No matter how much I compared my testimony to others – each time not measuring up in drama or drastic change – I was just as broken.
Just as deserving of punishment.
Just as UN-deserving of grace and mercy….
as the drug addict. the prostitute. the murderer. the thief. the liar. the adulterer. the abuser.
This “good girl” was equal to those I had unwittingly classified as in more need of grace than me. I knew this wasn’t true logically but my real beliefs – the one that could lament not having a dramatic conversion – they revealed what I was thinking somewhere in this brain of mine.
You see, by saying “I was a good girl”, I implied that I didn’t need that much saving. I didn’t need that much grace. At least, not as much grace as others.
In believing that I was a good girl, I was saying, somewhere in my head and heart, that I. was. good. enough. I was good enough for God’s grace. I had earned it.
Shameful pride is all that was. I see that now.
Unwittingly, I was clinging to a little bit of the glory that was rightly meant for God. I say unwittingly because had you asked me I would have said I wasn’t good enough for God’s grace. I would have said I cannot earn my salvation. My brain lived with these two opposing beliefs.
The funny thing is I’m quite certain I’m not the only one that holds these beliefs. In fact, I see this idea –
the idea that “at least I was never a _________ (fill in the blank)” …
a lot amongst believers. It is the elephant in the room. No one calls it out but it’s there. It’s spoken in round about ways. In knowing eyes and coded words.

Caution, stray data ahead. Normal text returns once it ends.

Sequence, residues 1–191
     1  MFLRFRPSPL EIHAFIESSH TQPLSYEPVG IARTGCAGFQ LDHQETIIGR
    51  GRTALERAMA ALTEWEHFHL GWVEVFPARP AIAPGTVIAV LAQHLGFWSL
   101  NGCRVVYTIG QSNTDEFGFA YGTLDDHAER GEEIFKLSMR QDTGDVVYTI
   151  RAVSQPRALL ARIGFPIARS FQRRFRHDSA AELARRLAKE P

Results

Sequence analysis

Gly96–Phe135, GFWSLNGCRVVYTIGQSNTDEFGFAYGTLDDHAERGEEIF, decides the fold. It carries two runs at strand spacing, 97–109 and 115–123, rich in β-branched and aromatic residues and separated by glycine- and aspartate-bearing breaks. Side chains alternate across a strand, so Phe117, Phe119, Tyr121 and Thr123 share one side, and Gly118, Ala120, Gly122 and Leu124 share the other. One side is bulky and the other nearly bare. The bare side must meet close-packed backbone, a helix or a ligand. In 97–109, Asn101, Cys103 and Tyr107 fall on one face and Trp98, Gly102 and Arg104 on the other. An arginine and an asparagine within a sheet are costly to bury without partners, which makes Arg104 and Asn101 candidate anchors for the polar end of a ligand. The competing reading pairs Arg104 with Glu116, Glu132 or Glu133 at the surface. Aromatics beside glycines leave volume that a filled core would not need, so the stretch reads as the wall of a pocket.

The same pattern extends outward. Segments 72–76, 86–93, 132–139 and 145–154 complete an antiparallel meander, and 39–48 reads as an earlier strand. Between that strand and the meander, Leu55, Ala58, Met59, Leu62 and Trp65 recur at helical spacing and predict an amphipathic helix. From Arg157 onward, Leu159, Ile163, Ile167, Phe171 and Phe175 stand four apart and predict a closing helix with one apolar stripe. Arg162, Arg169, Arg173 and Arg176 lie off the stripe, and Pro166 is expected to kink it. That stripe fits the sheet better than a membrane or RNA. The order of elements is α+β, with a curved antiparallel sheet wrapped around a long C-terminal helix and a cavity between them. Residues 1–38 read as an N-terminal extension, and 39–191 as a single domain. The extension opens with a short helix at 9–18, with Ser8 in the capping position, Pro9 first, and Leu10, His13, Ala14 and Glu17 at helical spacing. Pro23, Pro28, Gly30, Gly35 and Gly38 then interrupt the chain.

“At least, I’m not…”.
“I’m a good person…”
“I’ve got my life together”
“I follow the rules”
“I contribute _____ (time, money, insert your word here)”
All of this screams out… I’m good enough. I am presentable enough to enter God’s kingdom. I am good.
The truth is I never was a “good enough” girl for God’s amazing grace. You and I, friend, we’re not good enough.
For if we were, there’d be no need for Jesus.
We can never be good enough… or follow the rules enough.. or have our life together, enough… to be worthy of entering into God’s presence, let alone a relationship. I cannot earn my way to heaven.
No amount of good behavior, good deeds, or thoughts can move me one step closer to earning a relationship with Christ.
And.. amen to that.
Isn’t that exhausting??
Trying to earn someone’s approval?
Trying to earn someone’s friendship??
Trying to be good enough??
It’s down-right, bone-aching exhausting. And it’s wrapped in failure. Every. Time.
And Praise Him for His simple, releasing way of coming to Him.
He says, “Come to me, all you who are weary and burdened, and I will give you rest” – Matthew 11:28
The truth is God isn’t a God of complication. He is a God of clarity and simplicity.
He is a God of Grace. And freely gives that Grace when we are so, so undeserving of it.
Let’s put the “good girl” myth to death. I know I have in my own life since my epiphany several weeks ago. I am very aware of my daily failures… and I know I was never a “good girl” to earn God’s grace by my own efforts. It is most definitely a gift – freely given to all who seek it.